3. Very interesting post, Baker. There certainly are a lot of rocks. It would be interesting to know more about the history of this dam. Who built it, how long did it take them and why did the build it.

  4. Brine Queen - I probably should have mentioned this, lol. That small stream is fed by a spring about a 1/4 mile away. There are several springs in the area. For years the stream would run year around. For the past 10-12 years it has stoped running in the summer. For the past two years (especially last year) we have had extremely dry weather for our region. As a result the water table has dropped and the spring does not flow from early spring until late fall. There is just a small trickle now and you couldn't see that under the leaves. There is only one spring (of the several around here) that continues to run year around. As a matter of fact the pond is spring fed and the water drops significantly during the summer with the evaporation and little or no water flowing from those springs at that time.

    Denise - We are not sure why they built the dam but it was likely to provide a water for livestock. That leads me to believe that perhaps it was built when the land was first used a dairy but I'm not sure how long ago that was. To my knowledge there were not any houses on this particular land for at least the last hundred years. There are other places nearby with the remains of older farm houses can be seen such as evidence of fireplaces. Typically older, smaller farm houses would not have had much of a foundation, but I've never seen any evidence of one close to where this dam was built.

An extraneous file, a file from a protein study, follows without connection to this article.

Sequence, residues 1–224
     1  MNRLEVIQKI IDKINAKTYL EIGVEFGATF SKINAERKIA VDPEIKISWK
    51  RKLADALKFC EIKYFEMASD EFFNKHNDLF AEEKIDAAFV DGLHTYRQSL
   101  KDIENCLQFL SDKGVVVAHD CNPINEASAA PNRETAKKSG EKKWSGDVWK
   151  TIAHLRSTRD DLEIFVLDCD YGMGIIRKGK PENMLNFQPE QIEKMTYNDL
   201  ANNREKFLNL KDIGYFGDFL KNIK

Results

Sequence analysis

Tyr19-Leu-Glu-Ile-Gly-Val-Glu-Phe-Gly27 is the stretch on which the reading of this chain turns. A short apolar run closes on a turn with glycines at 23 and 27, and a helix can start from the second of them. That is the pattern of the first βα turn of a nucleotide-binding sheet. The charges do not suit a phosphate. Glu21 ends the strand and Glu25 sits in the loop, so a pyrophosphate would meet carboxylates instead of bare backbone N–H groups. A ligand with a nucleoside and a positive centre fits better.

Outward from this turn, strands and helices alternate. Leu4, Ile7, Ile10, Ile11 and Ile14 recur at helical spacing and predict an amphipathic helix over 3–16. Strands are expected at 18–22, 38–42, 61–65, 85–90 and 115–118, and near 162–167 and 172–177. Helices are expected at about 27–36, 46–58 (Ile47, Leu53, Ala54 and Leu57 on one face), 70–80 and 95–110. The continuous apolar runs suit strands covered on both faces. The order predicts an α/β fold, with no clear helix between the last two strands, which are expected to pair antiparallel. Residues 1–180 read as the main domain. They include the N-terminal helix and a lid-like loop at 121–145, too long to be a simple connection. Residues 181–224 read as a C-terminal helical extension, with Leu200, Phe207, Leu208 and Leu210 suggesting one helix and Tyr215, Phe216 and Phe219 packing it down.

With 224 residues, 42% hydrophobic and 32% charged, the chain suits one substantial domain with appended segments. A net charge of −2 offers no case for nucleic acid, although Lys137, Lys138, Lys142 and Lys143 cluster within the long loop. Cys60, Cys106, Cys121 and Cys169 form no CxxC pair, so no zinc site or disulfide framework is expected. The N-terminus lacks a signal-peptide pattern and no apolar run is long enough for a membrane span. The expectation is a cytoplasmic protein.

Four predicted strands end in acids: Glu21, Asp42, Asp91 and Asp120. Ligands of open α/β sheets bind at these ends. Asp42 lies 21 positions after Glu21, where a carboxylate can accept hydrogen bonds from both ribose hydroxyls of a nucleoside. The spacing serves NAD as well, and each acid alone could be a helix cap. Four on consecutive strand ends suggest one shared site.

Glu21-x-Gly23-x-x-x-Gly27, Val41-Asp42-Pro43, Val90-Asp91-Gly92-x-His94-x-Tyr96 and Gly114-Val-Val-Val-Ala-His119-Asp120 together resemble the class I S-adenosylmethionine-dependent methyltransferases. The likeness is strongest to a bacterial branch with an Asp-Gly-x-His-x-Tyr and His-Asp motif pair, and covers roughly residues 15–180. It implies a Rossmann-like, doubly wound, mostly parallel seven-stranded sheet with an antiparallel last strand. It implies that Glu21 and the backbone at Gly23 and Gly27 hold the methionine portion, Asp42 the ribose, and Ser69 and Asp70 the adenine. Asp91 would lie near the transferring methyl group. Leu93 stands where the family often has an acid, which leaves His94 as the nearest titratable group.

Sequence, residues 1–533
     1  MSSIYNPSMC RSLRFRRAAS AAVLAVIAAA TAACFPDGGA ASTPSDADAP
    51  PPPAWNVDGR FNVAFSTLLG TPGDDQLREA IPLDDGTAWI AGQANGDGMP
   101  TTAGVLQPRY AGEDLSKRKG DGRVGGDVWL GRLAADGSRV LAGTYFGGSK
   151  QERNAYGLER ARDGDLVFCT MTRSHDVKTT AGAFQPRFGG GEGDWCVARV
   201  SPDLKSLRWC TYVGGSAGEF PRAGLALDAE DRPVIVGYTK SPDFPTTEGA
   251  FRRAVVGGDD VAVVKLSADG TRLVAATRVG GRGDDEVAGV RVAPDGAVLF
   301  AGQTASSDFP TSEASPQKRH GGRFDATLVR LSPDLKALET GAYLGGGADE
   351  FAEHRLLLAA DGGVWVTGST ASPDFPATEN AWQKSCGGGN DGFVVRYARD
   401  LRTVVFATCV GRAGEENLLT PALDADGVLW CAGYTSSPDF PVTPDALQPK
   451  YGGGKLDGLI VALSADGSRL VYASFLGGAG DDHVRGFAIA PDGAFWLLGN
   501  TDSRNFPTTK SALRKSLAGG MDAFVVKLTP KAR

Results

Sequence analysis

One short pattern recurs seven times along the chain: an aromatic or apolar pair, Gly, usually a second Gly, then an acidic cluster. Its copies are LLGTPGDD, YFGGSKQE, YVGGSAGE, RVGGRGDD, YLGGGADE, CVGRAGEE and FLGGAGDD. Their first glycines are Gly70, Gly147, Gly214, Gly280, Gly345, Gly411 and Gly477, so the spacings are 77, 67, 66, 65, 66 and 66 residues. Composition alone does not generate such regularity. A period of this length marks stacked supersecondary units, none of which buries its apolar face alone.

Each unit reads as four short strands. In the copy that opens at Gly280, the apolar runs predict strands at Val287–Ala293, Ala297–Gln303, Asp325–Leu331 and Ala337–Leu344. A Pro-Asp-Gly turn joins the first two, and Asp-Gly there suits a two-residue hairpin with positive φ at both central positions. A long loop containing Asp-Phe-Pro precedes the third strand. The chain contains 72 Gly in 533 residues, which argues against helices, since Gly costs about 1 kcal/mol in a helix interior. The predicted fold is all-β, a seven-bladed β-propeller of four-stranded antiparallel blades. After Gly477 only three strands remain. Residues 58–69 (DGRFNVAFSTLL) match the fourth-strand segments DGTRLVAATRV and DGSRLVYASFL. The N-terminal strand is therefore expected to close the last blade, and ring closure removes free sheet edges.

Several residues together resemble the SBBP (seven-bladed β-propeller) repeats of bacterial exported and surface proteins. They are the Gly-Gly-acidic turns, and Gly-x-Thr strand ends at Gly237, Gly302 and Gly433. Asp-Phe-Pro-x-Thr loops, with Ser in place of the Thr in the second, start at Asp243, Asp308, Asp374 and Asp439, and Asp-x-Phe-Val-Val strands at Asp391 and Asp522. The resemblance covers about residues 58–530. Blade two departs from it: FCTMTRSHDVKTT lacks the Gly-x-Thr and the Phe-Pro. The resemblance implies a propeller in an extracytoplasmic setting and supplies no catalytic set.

Kelly - My guess is that it was built maybe 60+ years ago for the livestock but it could be much older. There was also another dam built across the road from here and I feel certain it was built much later based on where it was and how it was constructed. I presume it was built in the '50's or '60's. (Actually there was no road when it was built though.) It was later removed when our neighbors built a new, much larger dam for the pond across the road.

  5. Fascinating post. All human efforts to divert or control water (aqueducts, dams, changing the course of rivers) seems so audacious esp. when they didn't have big gas-powered machines to do the work!

    Hope you're having a nice weekend.

  6. Water is such a powerful element.....I must say I have great respect for it......
    we have a natural dam that has built up in a local is causing a lot of problems at the moment.....interesting post as always

  7. Leave it to you Baker to find something so interesting that most would not even notice. Somebody must have really been motivated to haul all those rocks. I hope that for the time it was that it held the water..

    New Rambling Woods Site

  8. Hello Baker...I enjoyed your post. I do the same thing in our woods...wondering what was taking place years ago in a certain area...especially when I see something of interest. These days we do have it so much easier than way back when.